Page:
The middle of the 20th Century was a golden age for road travel in the United States. Cars had become cheap and spacious enough to carry families comfortably for hundreds of miles. The Interstate Highway System had started to connect the country’s smaller roads in a vast nationwide network. Finally, tourists could make their way from New York to California, seeing the grandeur of America along the way. That freedom and mobility, however, was not equally available to everyone.
In 1956, the year that federal funding made the Interstate Highway System possible, Jim Crow was still the law of the land. In the South, racial segregation was enforced by law — and had been since shortly after Reconstruction. In many parts of the North, the codes were enforced in practice. This reality made cross-country trips complicated, and sometimes even perilous, for black travelers.
Some African-American tourists would drive all night instead of trying to find lodging in an unfamiliar and possibly dangerous town. They would pack picnics so they could avoid stopping at restaurants that might refuse to serve them. Some people would even carry portable toilets in the trunks of their cars, knowing there was a good chance they would be turned away from roadside restrooms.
But in 1936, a man named Victor Hugo Green started a travel guide to make life on the road easier and safer for black motorists.
The guide listed, state by state, the restaurants, hotels, service stations, and other businesses that would welcome African-American travelers. Green called it “The Negro Motorist Green Book,” or “The Green Book,” for short.
Green did not have the most obvious background for starting a travel guide. He was not in the tourism industry, nor was he a writer; he was a mailman in Hackensack, New Jersey, who kept hearing stories about discrimination on the road. He was also not the first to come up with an idea of this kind. Jewish tourists, who also faced discrimination while traveling, had relied on similar guides to steer them away from hotels with a “Gentiles Only” policy.
In the Green Book’s early days, it wasn’t easy to compile listings from across the country, says playwright, author, and filmmaker Calvin Alexander Ramsey, who has researched the history of the guide. So Ramsey says Green tapped into a nationwide network of African-American letter carriers. These postal workers, familiar with their local communities, were ideally suited to help fill in the gaps from state to state.
As the Green Book caught on, businesses began to get in touch, asking to be listed. Black newspapers signed on as sponsors. The United States Travel Bureau helped spread the word about the guide. Eventually, Green retired from mail delivery to work full-time on the guide and to open a travel agency.
Distribution of the guide remained a challenge, says Ramsey, and Green relied on informal networks like the National Urban League, the NAACP, masonic lodges, and churches around the country.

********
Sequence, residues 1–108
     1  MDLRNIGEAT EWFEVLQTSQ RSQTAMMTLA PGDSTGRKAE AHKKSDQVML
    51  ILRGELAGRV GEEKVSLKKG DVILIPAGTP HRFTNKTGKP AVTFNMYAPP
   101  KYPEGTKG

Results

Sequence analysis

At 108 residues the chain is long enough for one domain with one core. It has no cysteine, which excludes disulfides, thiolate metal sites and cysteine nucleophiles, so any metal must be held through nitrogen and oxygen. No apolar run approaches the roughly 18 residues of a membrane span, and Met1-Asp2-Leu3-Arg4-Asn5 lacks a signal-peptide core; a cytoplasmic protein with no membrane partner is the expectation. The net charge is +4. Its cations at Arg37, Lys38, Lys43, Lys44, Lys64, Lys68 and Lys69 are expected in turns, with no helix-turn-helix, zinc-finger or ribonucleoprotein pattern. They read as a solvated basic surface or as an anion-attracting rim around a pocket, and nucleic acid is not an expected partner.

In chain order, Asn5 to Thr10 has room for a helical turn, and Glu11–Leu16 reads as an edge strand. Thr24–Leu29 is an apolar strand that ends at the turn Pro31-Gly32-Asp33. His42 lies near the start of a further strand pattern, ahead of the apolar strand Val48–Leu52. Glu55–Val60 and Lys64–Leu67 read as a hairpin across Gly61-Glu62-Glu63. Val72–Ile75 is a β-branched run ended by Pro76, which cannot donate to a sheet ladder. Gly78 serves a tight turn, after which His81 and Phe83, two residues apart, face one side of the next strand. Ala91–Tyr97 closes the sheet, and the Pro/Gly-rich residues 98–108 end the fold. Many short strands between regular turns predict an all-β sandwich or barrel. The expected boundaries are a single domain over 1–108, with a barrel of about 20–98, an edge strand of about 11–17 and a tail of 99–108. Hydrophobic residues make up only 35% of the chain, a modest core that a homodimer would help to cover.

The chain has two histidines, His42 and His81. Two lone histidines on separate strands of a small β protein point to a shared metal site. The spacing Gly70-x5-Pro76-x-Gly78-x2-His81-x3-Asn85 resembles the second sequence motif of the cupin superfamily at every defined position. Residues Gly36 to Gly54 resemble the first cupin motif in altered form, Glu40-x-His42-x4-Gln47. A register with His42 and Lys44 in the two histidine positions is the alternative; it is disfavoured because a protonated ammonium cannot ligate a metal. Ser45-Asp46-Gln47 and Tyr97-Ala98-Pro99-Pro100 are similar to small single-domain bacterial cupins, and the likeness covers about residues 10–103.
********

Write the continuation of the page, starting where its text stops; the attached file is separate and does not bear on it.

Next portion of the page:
There was also a big corporate sponsor that helped the guide expand its reach: Esso, also known as Standard Oil, and now known as ExxonMobil. The company may have supported the guide out of a sense of fairness and equality. John D. Rockefeller, who founded Standard Oil in 1870, had married into a family of abolitionists and voted for Abraham Lincoln. But there were certainly economic motivators as well. If African-American tourists felt comfortable on the road, they would travel more and buy more gas.
The Green Book would come to feature listings across all 50 states as well as locations in Canada, Mexico, and the Caribbean. About 15,000 copies were printed each year.
As the NAACP pushed for the 1964 Civil Rights Act, which outlawed racial discrimination, the black traveler became a key example in their argument to Congress. They appealed to that vision of the iconic family road trip, and the freedom to explore America by car. In his testimony before Senate in 1963, the NAACP’s Executive Secretary Roy Wilkins asked senators to imagine themselves as black travelers:
How far do you drive each day? Where and under what conditions can you and your family eat? Where can they use a restroom? Can you stop driving after a reasonable day behind the wheel, or must you drive until you reach a city where relatives or friends will accommodate you and yours for the night? Will your children be denied a soft drink or an ice cream cone because they are not white?
Framing the narrative of civil rights as a family travel narrative helped convince senators to vote for the bill. The last edition of the book was published in 1966.
At the time of their publication, Green Books were relatively inexpensive and imminently practical, something bought to be used. Today, copies of the Green Book are scarce and valuable, collector’s items that, thankfully, are no longer needed to make travelers safe on the road. One recently sold at auction for over $20,000.